Some, most may consider the defence to be a strength in the big apple, but if this was 2012, then I would concur with that assessment, but in 2015, the core of the defence is aging and were exposed greatly in the 2015 Stanley Cup playoffs especially against the Tampa Bay Lightning. Keith Yandle came over from the Arizona Coyotes where he was the d-man counted upon in all facets but preceding the move to the Rangers his role diminished and what I saw was a player who struggled to adapt to his surroundings. In some form, the coaching staff will have to work with Keith to re-instill the confidence in his game because that drives his creativity, something that wasn't evident during the final half of the season. Another thing that's bugged with me Yandle to take a less serious note, you play your junior hockey in Moncton but yet when pressed by a Coyotes reporter for a website hit, you claim you have no idea what Lays Ketchup chips taste like....#hardtobelieve. To shift gears, long gone are the painful memories of having to watch Scott Gomez in Red,  White and Blue as thoughts quickly transitioned to now captain, Ryan McDonagh. When I watch McDonagh play, I get Brian Leetch vibes which is extremely high praise in Ranger circles. The way he thinks the game not to mention his shaking is Leetch-esque and aside from Yandle, he's the one defenceman that has any offensive instincts which is the singularly glaring weakness with the Rangers output. It would be advised that newly appointed Gorton address this concern and being how Cody Franson is still currently an unrestricted free agent, that would be a wonderful fit.  One of the more controversial draft selections came in 2010 when with the tenth overall selection the Rangers selected Moose Jaw  Warrior alum Dylan McIlrath. Controversial if for no other reason then by selecting McIlrath they passed on Cam Fowler, and if you're buying what I'm selling then you'll understand that Fowler would've of addressed an offensive team need. McIlrath has had a lot of doubters and it started from a young age, as a buddy of mine delivered one of the more memorable sound bites I have heard at a hockey game when the Warriors were facing off against the visiting Regina Pats shortly before Hockey Canada were to announce their World Junior Selection camp invites, he shouted out" Hey Dylan.....have fun watching the World Juniors.......on T.V".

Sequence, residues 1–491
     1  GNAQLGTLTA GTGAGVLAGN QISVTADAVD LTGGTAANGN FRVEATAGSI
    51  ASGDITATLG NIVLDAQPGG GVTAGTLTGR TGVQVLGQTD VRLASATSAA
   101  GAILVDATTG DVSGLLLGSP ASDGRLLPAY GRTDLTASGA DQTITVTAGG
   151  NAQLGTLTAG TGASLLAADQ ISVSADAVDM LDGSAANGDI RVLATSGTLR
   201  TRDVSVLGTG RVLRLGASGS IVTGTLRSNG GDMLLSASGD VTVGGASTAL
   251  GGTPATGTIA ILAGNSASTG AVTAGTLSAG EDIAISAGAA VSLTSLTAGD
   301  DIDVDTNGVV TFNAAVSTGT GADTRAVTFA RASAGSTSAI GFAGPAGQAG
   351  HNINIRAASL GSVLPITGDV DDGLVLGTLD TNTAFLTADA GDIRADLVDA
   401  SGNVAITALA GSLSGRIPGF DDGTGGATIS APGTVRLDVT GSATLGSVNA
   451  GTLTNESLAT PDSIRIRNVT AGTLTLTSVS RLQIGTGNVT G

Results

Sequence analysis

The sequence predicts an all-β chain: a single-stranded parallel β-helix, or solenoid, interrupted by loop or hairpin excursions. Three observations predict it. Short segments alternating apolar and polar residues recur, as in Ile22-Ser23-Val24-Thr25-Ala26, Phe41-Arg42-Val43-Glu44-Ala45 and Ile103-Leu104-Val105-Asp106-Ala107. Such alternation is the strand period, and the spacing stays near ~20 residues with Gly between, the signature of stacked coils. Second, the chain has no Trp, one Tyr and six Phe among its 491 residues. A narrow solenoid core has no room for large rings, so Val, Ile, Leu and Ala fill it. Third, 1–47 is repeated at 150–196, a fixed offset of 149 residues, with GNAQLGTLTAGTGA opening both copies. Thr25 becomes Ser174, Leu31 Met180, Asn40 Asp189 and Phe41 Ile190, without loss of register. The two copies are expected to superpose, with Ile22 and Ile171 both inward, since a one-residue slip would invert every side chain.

Goaltending is a security blanket for New York as Henrik Lundqvist has now been a staple in the net for many years. Henrik provides a sense of relief and stability for the Ranger defenders as unlike Rick Nash, when the games get bigger, he becomes that more clutch between the pipes. The fact that Lundqvist continually posts numbers such as last year's .922 save percentage, one has to wonder what it'll take for Henrik to push the Rangers over the top.

14.Edmonton Oilers-To say the Edmonton Oilers have divulged themselves in years of futility would be a gargantuan understatement. Due to unprecedented  draft lottery luck, the fortunes may be starting to turn in a positive direction. A management team has come into the fold with former Bruins General Manager Peter Chiarelli now in charge with former San Jose Sharks bench boss Todd McLellan the new coach. Anytime you can replace the incompetent Craig McTavish with someone who has a Stanley Cup ring as a manager in Chiarelli, it's an certifiable upgrade. Can this uber young nucleus finally break through and start to show the promise and potential that according to the Oiler faithful, should've happened years ago?